Facebook Ads Specialist
Date: September 14, 2017
Time: 07:46 a.m.
Location: somewhere in Europe...
You know what?
I HATE MY NEIGHBORS’ KIDS.
There, I've said it — so what!
I've had it with their screaming and yelling, and their hide and seek below my office window.
I swear this is why I hate summer.
It's also why I hate muffins with chocolate crumbs on the top.
I tell you I hate 'em!
And it's definitely why I hate the minions.
...ok, I think I might need a penicillin shot now.
Penicillin is used for something else.
Aaaaanyhow no one hates the minions, dammit!
Geezus I miss being a kid.
All we needed was just a Michael Jackson beat, and off we'd go to crazy town — jumping and screaming all over the place.
I was saying, lemme show you the technical details on how to set up this Webinar system.
What’s the matter now, this is how we grownups party, right?
Growing our business creation is what makes us happy.
We’ll do tech stuff another time.
But at least, let me show you an expensive Facebook ad mistake that eats your advertising money — like a fat kid eats Oreos.
...oh snap, I think I’m gonna get some spanking now for saying that one.
Either way, check out this ad from Paul Oberschneider:
What’s the mistake, you ask?
- Talking about yourself in the Facebook ad without giving any specific context of value.
It’s perceived as bragging, instead of positioning, and it’s most certainly NOT value.
Advertising is never about you, it’s always about THEM — your potential customer.
They will follow your instructions in your Facebook ad (subscribe or buy) if you make the whole premise about them.
The mistake in this ad is that Paul talked about his credentials only — thinking it’s value, positioning and attraction.
Being in business for 29 years and having lot of success a.k.a. credentials, won’t attract people to click on your Facebook ad — let alone do what you instruct them to do. I’ve done this exact mistake many moons ago, when I was trying to promote my expertise on Facebook.
Some of our clients have done it as well, and dammit I constantly keep seeing this mistake in people’s Facebook ads.
Credentials ARE helpful, and you should use them.
Imagine if for example an attorney, running ads promoting their practice with an ad that’s focused about their credentials.
Instead of talking about the awesome offer in details and THEN backing up the claims in the ad with the credentials.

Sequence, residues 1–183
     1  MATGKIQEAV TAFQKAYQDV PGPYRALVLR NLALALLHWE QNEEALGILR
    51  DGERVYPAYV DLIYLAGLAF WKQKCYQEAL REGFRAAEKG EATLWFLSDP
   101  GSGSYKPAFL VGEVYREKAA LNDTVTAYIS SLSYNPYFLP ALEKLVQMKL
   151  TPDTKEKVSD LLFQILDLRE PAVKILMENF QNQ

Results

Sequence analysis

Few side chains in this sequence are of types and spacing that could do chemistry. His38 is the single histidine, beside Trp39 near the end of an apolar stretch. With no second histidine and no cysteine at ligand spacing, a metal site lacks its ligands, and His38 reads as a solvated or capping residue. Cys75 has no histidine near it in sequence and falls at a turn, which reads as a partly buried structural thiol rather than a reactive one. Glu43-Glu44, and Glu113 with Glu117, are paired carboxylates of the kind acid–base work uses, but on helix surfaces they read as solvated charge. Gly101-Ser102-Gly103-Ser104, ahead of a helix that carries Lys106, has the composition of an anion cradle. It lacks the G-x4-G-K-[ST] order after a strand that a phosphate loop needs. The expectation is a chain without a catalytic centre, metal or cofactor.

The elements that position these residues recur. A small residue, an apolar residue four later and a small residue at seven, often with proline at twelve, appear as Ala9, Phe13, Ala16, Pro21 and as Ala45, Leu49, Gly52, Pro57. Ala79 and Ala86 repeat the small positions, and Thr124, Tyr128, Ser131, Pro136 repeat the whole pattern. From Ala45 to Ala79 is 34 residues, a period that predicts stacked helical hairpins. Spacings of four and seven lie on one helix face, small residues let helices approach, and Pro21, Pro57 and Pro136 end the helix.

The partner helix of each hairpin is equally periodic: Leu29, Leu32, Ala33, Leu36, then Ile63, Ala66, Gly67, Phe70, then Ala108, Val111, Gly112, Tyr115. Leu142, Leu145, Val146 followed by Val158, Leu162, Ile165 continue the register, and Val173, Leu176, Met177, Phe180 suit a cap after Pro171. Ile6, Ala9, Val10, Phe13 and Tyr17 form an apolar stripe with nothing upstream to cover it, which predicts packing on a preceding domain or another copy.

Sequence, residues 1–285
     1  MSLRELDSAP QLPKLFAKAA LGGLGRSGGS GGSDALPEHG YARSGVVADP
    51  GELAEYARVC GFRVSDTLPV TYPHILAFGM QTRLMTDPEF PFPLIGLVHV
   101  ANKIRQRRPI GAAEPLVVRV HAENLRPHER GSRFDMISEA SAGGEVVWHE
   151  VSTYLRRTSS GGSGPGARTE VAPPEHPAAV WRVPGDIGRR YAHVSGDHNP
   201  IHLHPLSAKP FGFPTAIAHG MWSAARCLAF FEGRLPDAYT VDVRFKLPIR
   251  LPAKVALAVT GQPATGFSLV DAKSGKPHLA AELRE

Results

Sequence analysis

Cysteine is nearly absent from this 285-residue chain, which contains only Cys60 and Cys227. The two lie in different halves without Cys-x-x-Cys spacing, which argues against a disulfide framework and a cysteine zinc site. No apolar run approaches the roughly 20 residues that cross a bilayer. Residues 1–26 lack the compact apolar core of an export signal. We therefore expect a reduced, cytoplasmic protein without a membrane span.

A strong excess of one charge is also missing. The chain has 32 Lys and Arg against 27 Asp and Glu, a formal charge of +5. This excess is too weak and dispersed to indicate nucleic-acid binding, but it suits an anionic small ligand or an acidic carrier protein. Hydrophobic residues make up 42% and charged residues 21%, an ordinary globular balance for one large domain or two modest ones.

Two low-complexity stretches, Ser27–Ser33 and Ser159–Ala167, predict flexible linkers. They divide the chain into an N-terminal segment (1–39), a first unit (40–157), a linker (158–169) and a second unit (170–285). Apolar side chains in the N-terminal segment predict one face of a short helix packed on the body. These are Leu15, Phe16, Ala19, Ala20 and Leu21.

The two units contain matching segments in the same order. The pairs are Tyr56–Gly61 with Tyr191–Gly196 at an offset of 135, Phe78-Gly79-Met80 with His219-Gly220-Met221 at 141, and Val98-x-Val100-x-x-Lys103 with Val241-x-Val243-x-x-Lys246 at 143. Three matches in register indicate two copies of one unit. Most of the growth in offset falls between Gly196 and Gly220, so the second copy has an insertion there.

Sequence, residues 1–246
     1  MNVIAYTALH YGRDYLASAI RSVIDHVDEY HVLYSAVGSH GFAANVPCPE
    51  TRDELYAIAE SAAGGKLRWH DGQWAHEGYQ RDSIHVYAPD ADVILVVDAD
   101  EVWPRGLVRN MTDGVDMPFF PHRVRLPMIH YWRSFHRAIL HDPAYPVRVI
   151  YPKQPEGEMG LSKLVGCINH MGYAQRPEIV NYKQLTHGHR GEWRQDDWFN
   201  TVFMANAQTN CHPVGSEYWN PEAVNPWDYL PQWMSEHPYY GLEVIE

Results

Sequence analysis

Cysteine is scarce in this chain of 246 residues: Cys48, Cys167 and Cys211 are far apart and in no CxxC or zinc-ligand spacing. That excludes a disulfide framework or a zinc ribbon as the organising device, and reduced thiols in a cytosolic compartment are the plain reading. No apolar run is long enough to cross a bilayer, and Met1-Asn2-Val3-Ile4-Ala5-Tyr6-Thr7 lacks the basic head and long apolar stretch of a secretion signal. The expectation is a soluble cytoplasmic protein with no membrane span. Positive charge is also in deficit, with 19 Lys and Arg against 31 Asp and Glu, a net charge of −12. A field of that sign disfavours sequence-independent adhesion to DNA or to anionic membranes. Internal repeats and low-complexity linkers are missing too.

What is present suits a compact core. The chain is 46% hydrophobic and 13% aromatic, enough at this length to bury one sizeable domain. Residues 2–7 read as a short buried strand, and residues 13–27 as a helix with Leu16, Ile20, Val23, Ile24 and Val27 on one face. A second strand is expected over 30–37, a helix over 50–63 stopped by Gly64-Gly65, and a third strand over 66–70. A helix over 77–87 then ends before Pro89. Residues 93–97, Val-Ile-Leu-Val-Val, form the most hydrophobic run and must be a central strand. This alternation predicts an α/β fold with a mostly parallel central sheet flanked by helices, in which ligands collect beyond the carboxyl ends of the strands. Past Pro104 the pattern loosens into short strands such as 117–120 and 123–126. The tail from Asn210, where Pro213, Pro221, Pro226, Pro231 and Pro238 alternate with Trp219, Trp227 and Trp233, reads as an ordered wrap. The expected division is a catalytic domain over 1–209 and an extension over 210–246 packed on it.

Or in other words, just what this tax attorney did in his Facebook ad:
As you can see, the ad starts with a clear offer about a specific problem to a specific group of people…
On the landing page (at the bottom) it’s where the credentials are used — to back all the claims in the Facebook ad:
He's also testing which FB ad will perform better:
Great job Mr. Tax Attorney!
You can use your credentials in the opening of the Facebook ad.
After that you gotta quickly change the focus of the ad about THEM — your potential peeps and their problems.
Or just like Amy Jo Berman did in her Facebook ad:
Speaking of advertising mistakes, value, attraction and landing pages…
I’m scratching my head over here as I can’t figure out what the heck Ontraport’s marketing team is up to.
Their Facebook ad is 'mkay… kinda.
I see they decided to use the split image ad template —>
Which is good.
But, what was their marketing team thinking with this “e-book cover” on the landing page?
Not to sound too harsh but...
That headline above the polka dots is the best damn part of the whole landing page, and I can't even read it — WITH MY TELESCOPE!
Who does your landing page design?
My daughter can draw a better e-book cover than that polka dot pic — in Microsoft Paint!
I better calm down.
I don't have a daughter...
But neither does Ontraport, a good landing page that is — duh!
That's it, I've had it.
I'm starting early with the rum today — WAY EARLY.
This is kih-lin' me.
Maybe I don’t have children to play with, but hey I can sure buy me a dog — HA!
Just remembered hearing someone saying that's just wrong because dogs shouldn't be for sale, and instead they should be adopted.
The class is dismissed.
I'm off to finish this bottle of rum and buy me a goldfish.
Catch you next time, suckers!
Wanna see how other people advertise their business on Facebook — successfully?
There are over 6.000 Facebook ads in the database you can search, form all kinds of businesses.
Borche Samardzioski is a Facebook marketing veteran.
His 8 years of experience and stellar track record as the "guy behind the curtain" engineering highly successful Facebook marketing campaigns for clients in multiple industries, earned him the respect of a top paid Facebook marketing consultant and business strategist.
Found this useful?
Send it to a friend on them social webbies!
...and as our U.K. people like to say, Thank You Guv'nah!
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